The Asset Guidance Group Monday Outlook for the Week Ahead Starting Monday May 22, 2023

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Here’s The Asset Guidance Group Outlook for the Week Ahead… 

The debt ceiling deadline will remain at the forefront, with talks having stalled late
last week as President Biden attended the G7 meetings in Japan. On the economic
calendar, the action begins Tuesday with global PMI releases. Most closely
watched will be Germany, which has had a slew of bad data recently, and the U.S.,
where the economy only seems to be gradually losing momentum. On Wednesday,
headline inflation is expected to drop in the UK, but lower energy costs are being
more than offset by soaring food prices. The minutes from the May FOMC ay reveal more detail about how many more rate hikes may be needed.
In a speech last Friday, Chair Powell signaled that he is weighing a pause in June.
Thursday brings the second estimate of Q1 U.S. GDP, which is not expected to
deviate from the disappointing +1.1% first reading, as well as pending home sales.
The Tokyo inflation data for May could provide the Bank of Japan with a nudge
towards normalizing monetary policy. A busy Friday wraps up the week, highlighted
by the U.S. Core PCE Price Index for April. Expectations are flat MoM but forecast
to tick down to +4.4% YoY. Personal spending figures are expected to rise, keeping
inflation fires active.  [1]

Recapping Last Week

Global equity indexes rose on surging technology shares and optimism for a U.S.
debt ceiling resolution. The Nasdaq Composite Index jumped 3%, while the Russell
2000 lifted nearly 2% and the S&P500 gained 1.5%+. Overseas, Germany’s DAX Index closed in on all-time highs, while Japan’s Nikkei 225 maintained its highest levels since 1990. Seven of 11 S&P500 sectors finished positive, led by 4%+ gains in technology as artificial intelligence developments sparked notions of new revenue possibilities.
U.S. Treasury yields spiked, with traders speculating on a potential June rate hike as
economic data showed surprising resiliency. U.S. retail sales returned to growth in April, although less than forecast, and large retailers reported earnings that  reflected steady consumer spending patterns, albeit with a shifting away from big ticket
items. U.S. factory production lifted 1.0% last month as automobile output swelled,
while regional manufacturing surveys revealed mixed outlooks. Homebuilder
sentiment turned positive for the first time since July despite lingering sectoral
challenges, and home construction stocks reached a 16-month high. U.S. housing
starts gained 2.2% in April as existing inventory remained tight. The ongoing effects
of inflation were evident in the New York Fed’s household debt report, where credit
card balances held steady in Q1 instead of their typical decline after the holiday season. Total U.S. household debt balances hit a record high of $17.05 trillion, growing 0.9% from Q4 2022. Internationally, China’s industrial production and retail sales numbers significantly grew MoM in April but missed forecasts, and although the central bank left interest rates unchanged, expectations for easier monetary policy are mounting based on weak credit data and deflation risks. Japan’s Q1 GDP expanded by 1.6%, reversing two consecutive quarters of contraction, and core consumer prices rose 3.4% YoY in April. In Australia, static wage growth and falling employment suggested that the Reserve Bank may have reached the peak of its tightening cycle. Finally, the European Commission raised its inflation outlook, while Eurozone Q1 GDP was confirmed at an anemic +0.1%, fueling stagflation fears.  [2]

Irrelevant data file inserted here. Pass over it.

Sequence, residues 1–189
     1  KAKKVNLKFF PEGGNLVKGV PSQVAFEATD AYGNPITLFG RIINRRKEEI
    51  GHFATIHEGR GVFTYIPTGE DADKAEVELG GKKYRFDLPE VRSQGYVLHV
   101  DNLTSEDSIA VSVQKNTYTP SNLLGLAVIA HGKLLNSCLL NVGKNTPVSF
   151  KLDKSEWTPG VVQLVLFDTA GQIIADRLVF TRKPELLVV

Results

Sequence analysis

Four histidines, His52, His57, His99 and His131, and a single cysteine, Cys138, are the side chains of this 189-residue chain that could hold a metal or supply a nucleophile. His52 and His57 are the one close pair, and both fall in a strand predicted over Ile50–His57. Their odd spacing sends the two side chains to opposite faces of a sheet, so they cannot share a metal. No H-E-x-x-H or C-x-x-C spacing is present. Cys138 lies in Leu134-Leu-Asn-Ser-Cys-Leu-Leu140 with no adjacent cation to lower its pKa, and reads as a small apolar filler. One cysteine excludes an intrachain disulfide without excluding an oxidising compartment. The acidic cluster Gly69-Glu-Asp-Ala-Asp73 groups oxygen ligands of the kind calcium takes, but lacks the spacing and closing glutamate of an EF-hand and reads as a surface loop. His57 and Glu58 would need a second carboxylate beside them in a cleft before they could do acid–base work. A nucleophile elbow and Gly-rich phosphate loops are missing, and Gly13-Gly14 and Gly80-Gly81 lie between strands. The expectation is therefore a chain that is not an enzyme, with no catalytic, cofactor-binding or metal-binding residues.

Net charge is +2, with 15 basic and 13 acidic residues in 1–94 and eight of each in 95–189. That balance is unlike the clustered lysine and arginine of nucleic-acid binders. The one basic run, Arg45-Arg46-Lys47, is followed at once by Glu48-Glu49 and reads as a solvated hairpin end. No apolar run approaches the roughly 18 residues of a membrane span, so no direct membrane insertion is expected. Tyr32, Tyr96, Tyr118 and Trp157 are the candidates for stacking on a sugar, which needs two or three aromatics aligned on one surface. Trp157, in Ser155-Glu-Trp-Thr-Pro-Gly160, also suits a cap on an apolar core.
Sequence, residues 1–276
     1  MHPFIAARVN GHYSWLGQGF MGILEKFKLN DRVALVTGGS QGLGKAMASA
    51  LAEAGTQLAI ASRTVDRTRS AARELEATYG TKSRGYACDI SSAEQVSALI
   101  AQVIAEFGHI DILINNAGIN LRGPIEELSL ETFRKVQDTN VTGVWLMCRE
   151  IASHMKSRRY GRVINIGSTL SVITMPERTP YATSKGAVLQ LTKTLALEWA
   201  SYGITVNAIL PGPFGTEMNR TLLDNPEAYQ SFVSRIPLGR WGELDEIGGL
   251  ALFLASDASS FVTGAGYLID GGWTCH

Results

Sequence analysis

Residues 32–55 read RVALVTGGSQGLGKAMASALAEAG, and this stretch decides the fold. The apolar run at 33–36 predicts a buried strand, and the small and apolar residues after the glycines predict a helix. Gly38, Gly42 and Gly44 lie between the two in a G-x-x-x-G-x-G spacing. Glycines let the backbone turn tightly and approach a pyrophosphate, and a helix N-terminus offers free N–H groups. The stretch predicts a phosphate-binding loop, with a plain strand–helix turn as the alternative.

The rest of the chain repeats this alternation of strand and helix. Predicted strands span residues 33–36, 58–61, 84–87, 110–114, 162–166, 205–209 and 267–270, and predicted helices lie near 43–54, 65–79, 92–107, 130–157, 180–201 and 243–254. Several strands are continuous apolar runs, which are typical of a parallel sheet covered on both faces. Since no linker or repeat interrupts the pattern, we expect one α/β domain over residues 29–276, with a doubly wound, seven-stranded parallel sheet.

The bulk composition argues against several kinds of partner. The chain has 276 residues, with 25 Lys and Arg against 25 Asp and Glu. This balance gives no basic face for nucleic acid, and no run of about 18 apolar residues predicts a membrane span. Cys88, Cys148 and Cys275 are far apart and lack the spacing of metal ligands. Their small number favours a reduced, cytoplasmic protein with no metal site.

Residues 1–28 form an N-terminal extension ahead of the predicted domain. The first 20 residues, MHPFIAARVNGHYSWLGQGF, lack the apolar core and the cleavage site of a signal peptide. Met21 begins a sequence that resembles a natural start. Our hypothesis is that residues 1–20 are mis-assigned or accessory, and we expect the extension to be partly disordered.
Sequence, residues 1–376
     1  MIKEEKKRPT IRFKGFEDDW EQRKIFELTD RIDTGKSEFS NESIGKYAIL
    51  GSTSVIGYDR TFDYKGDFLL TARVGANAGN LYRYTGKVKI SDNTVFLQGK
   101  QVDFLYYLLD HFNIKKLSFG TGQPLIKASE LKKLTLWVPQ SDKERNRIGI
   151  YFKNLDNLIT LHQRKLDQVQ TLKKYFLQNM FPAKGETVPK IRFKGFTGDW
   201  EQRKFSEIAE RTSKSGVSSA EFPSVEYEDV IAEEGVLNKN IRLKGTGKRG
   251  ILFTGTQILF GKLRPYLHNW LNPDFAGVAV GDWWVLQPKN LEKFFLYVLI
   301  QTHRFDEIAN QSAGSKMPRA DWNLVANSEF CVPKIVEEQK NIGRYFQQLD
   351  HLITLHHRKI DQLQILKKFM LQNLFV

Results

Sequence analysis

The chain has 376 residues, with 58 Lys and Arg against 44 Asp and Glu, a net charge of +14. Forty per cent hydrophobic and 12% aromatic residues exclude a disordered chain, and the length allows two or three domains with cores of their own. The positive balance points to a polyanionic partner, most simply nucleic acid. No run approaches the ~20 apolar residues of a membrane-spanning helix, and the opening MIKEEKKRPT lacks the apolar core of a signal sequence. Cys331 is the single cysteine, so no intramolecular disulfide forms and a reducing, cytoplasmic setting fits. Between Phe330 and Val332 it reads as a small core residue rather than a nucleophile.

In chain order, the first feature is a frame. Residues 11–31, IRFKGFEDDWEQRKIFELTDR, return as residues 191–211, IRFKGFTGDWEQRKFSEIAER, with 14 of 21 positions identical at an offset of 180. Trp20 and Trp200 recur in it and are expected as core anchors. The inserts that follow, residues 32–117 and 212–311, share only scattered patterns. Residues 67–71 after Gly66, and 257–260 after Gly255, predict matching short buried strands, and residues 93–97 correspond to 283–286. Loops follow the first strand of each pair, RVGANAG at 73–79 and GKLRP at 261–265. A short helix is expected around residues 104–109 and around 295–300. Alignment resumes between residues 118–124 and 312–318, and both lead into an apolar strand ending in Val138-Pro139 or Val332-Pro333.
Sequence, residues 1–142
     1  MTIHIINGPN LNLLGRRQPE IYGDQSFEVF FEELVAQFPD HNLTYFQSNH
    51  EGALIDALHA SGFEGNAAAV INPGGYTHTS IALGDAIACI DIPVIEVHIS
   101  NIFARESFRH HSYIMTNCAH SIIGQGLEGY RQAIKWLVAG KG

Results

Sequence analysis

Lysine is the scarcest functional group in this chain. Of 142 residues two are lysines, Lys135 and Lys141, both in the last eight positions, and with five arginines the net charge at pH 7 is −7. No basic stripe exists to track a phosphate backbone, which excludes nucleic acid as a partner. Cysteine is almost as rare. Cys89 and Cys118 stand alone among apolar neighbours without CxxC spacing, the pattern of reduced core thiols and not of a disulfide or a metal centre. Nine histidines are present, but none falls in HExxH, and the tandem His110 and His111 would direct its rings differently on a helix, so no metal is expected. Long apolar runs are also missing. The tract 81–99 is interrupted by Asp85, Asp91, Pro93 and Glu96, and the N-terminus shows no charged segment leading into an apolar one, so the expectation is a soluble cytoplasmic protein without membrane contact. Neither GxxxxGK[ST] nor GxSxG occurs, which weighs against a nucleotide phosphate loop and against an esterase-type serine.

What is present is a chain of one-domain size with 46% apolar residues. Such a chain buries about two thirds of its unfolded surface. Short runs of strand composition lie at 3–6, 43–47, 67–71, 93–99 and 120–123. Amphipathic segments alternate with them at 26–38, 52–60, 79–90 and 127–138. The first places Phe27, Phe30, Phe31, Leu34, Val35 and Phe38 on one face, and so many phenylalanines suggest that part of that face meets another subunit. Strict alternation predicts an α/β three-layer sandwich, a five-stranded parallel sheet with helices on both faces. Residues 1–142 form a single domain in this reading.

Chart of the Week:

Japan’s Nikkei 225 Index Futures (/NKD) surged past their 2021 highs to levels
not seen in over three decades. Lots of good news spurred the rally, now in its sixth consecutive week. GDP expanded for the first time in three quarters, partly due to reduced Covid-19 restrictions spurring increased tourism. Japan also happens to be the largest holder of U.S. Treasury debt at over $1.1T, so  diminished default concerns fueled equity investors. Governor Ueda has also doubled down on dovish monetary policy, for now. The momentum carried the weekly MACD and RSI indicators to their highest points in two years, adding confidence to continued advances. Click here to view chart. [3]

Sources: [1] [2] [3]; Any performance data reported by Asset Guidance Group, LLC has been grouped and reported by, imported from TDAmeritrade Institutional, Risk categories as scored by Grable-Lytton test and grouped by like risk tolerance levels; NOTE: individual account performance grouped solely by model classification type in terms of risk tolerance. Individual portfolios include equivalent equities exposures via like models, but many may hold additional investments like structured notes, fixed income investments such as CDs, bonds, and other individually preferred securities. 1-Week risk score denotes overall performance of all AGG client portfolios grouped together by like-risk tolerance scores not by identical investment allocations; [4] [5] Macro Monday (;

*All other Asset Guidance Group analysis,; All index- and returns-data from Yahoo Finance; news from Reuters, Barron’s, Wall St. Journal,,,,,,,, Eurostat,0020Statistics Canada, Yahoo! Finance,,,, BBC,,,, FactSet; Chart from Indeed’s Hiring Lab.

Past performance is no guarantee of future results. Inherent in any investment is the potential for loss.

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